However, the participants of TurkPA feel quite optimistically. According to Ilkham Aliev, member of parliament of Azerbaijan, many tasks have been fulfilled since the establishment of the organisation: “TurkPA has a promising future. The tasks set by the organisation are being fulfilled. We always keep in touch with our colleagues. I am a member of the economic committee; we discuss economic issues such as a competitive business environment, new technologies, etc.” Photo: CABAR.asia Sarsenbai Yensegenov, member of the Senate of the Parliament of Kazakhstan: “We used to hold sessions not only inside, but now we’ve made a decision to hold meetings on site, we are going to meet people and hold open days, i.e. we are going to change the format of work entirely. We can discuss only one issue at the meetings of TurkPA, but what’s important is that we always reach consensus. I’d like such countries as Uzbekistan and Turkmenistan to join us.” Experts feel sceptical about Turkmenistan and think that the authorities of the country shouldn’t be expected to join the Assembly. However, Uzbekistan might join the Assembly this year or next year because preliminary works are in progress now, Kalambai said.
All decisions are made as recommendations only. They don’t respond to international events in any way. I think the representatives of such organisations should, first of all, be active, express their opinions, which we have never seen. TurkPA had great potential, but officials failed. They neither raise critical issues, nor solve real problems.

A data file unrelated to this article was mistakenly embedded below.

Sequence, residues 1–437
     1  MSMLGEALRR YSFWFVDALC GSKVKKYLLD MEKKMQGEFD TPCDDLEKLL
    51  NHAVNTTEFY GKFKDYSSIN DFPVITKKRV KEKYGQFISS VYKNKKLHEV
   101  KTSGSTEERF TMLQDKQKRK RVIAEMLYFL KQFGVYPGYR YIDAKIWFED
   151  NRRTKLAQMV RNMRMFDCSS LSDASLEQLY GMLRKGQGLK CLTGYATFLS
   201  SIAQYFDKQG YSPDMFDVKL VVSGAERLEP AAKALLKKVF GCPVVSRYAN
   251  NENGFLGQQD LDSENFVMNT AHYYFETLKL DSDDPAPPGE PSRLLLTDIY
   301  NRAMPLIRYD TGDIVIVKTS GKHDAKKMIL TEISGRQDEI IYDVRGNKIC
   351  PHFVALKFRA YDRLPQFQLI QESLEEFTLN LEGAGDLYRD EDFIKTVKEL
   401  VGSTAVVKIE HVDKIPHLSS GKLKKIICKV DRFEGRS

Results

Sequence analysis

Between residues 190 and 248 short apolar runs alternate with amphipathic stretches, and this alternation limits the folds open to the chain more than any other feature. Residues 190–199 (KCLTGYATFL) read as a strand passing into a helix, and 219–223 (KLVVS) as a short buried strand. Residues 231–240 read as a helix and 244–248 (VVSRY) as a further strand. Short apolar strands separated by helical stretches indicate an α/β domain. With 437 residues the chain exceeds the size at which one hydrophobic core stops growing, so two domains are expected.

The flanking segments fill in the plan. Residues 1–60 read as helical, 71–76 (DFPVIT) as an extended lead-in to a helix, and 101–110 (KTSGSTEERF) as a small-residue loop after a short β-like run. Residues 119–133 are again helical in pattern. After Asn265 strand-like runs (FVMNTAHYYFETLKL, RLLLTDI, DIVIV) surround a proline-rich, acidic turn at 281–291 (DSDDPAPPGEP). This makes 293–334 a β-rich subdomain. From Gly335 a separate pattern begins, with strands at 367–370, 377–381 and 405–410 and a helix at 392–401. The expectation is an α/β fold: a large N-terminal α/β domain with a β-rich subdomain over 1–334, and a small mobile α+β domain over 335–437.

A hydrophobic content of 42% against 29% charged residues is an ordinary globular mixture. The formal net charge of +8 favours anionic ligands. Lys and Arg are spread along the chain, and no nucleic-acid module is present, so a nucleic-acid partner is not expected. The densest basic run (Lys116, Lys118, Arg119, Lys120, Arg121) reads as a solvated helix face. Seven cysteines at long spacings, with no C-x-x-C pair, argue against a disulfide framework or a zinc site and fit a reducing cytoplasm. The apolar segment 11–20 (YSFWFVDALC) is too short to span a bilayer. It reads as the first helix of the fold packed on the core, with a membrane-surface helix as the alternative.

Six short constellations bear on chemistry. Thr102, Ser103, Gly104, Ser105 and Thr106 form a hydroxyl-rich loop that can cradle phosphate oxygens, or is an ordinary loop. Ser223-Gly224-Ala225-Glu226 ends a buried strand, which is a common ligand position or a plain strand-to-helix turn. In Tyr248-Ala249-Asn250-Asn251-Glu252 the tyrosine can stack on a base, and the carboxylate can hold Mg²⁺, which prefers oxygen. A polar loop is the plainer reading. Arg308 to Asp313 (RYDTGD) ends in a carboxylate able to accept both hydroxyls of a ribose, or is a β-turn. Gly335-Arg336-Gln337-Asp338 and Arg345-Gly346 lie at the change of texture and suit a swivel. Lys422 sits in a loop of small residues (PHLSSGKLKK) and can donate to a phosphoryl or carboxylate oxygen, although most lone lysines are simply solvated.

Delegation or AbolitionHowever, it’s not only experts who doubt the efficiency of the organisation. In September 2018, during the 6th summit of the Commission on Cooperation of Turkic-Speaking Countries, the then incumbent president of Kazakhstan Nursultan Nazarbayev said that TurkPA reached its purpose of establishing cooperation between the parliaments of Turkic states, but its activities lack coherence.
Nazarbayev explained his suggestion by duplication of the activities of the Turkic cooperation institutions and found it reasonable to unite them under the aegis of TURKSOY. Expert Yerzhan Kalambai thinks this restructuring would be reasonable because today the member states of these organisations face economic problems. For example, raw material costs, impact of the world recession. He thinks this issue would be discussed again at the summit of presidents of Turkic-speaking countries to be held in Azerbaijan this year. “Last year, when such suggestions were made, one year was given to analyse the performance of this structure. I think this summit will determine the future of the organisation. It will optimise the performance of the organisation, regulate its cultural and humanitarian activities, reduce the number of staff, and save money,” Kalambai said.
Therefore, we need to analyse the performance of this structure. If it’s efficient, its functions should be delegated to the secretariat. Otherwise, I suggest it be abolished.
This article was prepared as part of the Giving Voice, Driving Change – from the Borderland to the Steppes Project implemented with the financial support of the Foreign Ministry of Norway. The opinions expressed in the article do not reflect the position of the editorial or donor.